In today’s Western World, if you look around, you will probably notice that a vast majority of women wear pants. Well, in fact, the odds are that you don’t even notice anymore as women wearing pants has become the norm.
It wasn’t always that way. In the early 1900s, women’s fashion seemed to be designed to inhibit movement. Long shirts dragged down to the floor while corsets limited mid-body movements. Piloting airplanes in these outfits was obviously a challenge.
Harriet Quimby was a fashionable lady who, as ladies did, wore dresses and skirts in her everyday life. The pilot in her needed practical clothing when she flew so she designed her famous and iconic purple flight suit herself. Did you know that the intricate design allows a switch from skirt to pants?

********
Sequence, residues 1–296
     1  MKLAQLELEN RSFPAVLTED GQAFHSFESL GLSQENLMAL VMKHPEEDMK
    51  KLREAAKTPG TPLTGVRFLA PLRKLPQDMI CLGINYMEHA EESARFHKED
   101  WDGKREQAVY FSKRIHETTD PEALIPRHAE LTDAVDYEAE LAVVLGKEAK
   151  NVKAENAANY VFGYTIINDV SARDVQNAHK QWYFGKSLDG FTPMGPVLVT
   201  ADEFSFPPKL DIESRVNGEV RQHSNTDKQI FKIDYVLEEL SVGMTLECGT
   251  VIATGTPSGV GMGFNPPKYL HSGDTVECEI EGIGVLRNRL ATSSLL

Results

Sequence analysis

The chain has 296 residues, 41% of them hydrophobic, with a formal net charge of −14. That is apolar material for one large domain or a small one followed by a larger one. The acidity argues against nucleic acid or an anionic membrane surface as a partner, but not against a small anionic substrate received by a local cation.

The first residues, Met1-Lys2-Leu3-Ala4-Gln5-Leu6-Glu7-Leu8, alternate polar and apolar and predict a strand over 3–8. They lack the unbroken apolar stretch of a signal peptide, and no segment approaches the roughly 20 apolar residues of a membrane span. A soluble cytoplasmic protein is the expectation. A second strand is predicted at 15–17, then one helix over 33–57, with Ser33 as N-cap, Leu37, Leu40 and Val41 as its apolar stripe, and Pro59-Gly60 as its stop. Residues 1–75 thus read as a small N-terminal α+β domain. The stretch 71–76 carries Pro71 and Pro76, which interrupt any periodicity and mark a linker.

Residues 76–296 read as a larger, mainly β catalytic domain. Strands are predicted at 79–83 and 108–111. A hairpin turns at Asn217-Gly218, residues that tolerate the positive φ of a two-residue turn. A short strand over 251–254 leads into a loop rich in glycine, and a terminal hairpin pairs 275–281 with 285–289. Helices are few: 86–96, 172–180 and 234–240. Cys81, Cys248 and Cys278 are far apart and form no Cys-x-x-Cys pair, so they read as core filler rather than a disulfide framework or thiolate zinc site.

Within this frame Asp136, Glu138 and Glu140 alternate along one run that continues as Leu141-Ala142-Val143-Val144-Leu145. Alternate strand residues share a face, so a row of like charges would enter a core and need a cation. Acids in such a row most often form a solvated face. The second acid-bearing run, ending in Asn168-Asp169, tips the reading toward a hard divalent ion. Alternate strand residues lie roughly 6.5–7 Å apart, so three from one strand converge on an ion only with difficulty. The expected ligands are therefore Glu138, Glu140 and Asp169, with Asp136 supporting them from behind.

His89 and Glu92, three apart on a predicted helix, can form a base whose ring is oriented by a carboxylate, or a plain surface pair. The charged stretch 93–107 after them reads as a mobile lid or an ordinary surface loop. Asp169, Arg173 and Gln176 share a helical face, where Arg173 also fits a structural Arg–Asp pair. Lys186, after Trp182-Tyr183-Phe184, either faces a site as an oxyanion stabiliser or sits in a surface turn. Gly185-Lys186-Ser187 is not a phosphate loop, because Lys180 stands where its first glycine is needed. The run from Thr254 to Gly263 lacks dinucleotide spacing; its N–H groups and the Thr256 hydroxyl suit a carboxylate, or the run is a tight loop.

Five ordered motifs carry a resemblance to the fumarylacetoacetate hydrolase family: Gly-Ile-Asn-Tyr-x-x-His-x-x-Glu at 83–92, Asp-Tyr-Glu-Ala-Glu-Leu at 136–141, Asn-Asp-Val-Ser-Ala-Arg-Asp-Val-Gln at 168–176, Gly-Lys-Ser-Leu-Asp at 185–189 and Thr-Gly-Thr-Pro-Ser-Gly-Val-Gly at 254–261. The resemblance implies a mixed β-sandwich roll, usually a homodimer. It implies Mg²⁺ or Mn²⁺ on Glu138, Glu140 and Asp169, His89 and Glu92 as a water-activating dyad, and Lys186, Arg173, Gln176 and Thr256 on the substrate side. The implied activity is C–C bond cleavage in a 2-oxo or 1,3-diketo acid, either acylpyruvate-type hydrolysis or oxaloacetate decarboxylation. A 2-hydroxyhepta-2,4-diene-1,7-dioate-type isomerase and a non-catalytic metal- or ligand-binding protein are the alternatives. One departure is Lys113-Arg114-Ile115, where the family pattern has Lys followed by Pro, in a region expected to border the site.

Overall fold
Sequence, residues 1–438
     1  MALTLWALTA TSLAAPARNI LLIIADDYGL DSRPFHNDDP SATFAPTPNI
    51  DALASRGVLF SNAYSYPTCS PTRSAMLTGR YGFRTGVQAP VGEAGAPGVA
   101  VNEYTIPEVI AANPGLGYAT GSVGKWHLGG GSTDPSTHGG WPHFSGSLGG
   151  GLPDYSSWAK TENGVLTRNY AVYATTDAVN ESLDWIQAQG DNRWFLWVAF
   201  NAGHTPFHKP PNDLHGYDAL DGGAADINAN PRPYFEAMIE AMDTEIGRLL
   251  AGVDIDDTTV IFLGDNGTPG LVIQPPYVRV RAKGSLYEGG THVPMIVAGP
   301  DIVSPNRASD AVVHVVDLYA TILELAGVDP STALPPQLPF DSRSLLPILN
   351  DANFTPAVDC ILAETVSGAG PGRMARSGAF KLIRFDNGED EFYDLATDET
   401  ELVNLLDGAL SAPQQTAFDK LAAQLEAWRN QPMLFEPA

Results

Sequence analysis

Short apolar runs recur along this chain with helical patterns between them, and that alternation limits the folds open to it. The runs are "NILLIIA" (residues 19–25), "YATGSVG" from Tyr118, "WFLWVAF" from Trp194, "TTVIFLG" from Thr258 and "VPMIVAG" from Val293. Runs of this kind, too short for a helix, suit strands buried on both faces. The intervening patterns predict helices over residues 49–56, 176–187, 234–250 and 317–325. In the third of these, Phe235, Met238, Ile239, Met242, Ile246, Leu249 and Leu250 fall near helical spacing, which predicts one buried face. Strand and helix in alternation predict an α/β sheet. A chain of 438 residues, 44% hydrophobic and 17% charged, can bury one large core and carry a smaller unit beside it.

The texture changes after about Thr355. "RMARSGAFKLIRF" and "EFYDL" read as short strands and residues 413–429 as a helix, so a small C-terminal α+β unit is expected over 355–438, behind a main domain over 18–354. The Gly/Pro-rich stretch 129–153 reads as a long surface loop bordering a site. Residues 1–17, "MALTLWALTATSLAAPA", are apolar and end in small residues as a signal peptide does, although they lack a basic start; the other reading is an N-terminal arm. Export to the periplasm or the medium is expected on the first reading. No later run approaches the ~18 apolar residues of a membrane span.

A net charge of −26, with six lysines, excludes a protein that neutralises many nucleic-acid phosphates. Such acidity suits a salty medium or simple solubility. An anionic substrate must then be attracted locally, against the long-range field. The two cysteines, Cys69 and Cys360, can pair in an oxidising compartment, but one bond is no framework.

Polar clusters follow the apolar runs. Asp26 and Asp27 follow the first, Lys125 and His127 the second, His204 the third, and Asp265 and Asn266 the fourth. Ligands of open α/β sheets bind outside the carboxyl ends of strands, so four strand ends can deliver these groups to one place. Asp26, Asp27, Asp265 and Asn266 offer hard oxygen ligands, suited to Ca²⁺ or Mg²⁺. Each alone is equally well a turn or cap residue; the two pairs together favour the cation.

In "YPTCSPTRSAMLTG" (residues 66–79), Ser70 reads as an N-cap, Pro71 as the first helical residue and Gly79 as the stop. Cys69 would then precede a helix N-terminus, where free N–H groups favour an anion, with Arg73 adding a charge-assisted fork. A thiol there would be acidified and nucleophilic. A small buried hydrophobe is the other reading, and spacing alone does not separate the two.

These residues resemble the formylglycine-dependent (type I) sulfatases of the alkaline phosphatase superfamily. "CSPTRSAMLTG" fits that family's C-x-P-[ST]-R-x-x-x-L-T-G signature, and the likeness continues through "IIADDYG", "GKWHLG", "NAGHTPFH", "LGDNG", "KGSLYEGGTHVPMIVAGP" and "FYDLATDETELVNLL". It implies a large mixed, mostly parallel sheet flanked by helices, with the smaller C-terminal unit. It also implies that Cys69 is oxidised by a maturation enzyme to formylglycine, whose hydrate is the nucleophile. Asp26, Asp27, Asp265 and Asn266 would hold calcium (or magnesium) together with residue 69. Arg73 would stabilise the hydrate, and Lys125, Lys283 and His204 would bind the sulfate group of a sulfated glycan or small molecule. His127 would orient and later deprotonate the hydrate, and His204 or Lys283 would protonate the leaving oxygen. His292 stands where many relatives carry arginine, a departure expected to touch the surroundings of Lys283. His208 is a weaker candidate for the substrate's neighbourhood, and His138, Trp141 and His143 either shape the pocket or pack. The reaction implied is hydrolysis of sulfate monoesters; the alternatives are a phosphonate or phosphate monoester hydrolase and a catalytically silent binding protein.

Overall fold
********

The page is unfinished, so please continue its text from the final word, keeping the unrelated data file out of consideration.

She was not the only early aviatrix to face the challenge. Hélène Dutrieu, the first woman seaplane pilot, opted to simply wear pants. Pioneer women pilots had a substantial impact on women fashion.
Barbara Ganson, an aviation history professor at Florida Atlantic University, a museum trustee of the International Women’s Air and Space Museum in Cleveland, Ohio, and a pilot, will present “Fashions of Pioneer Women Aviators in the United States” in the morning of March 10, 2012, at the Headcorn Aerodrome, U.K.
Don’t miss this unique opportunity to understand the far reaching impact that the pioneer Women Of Aviation had on society at large. Make sure to arrive at the Headcorn Aerodrome before 10 AM, local time, to enjoy this great presentation.
What’s more? Barbara will have an actual replica of Harriet Quimby flight suit on hand.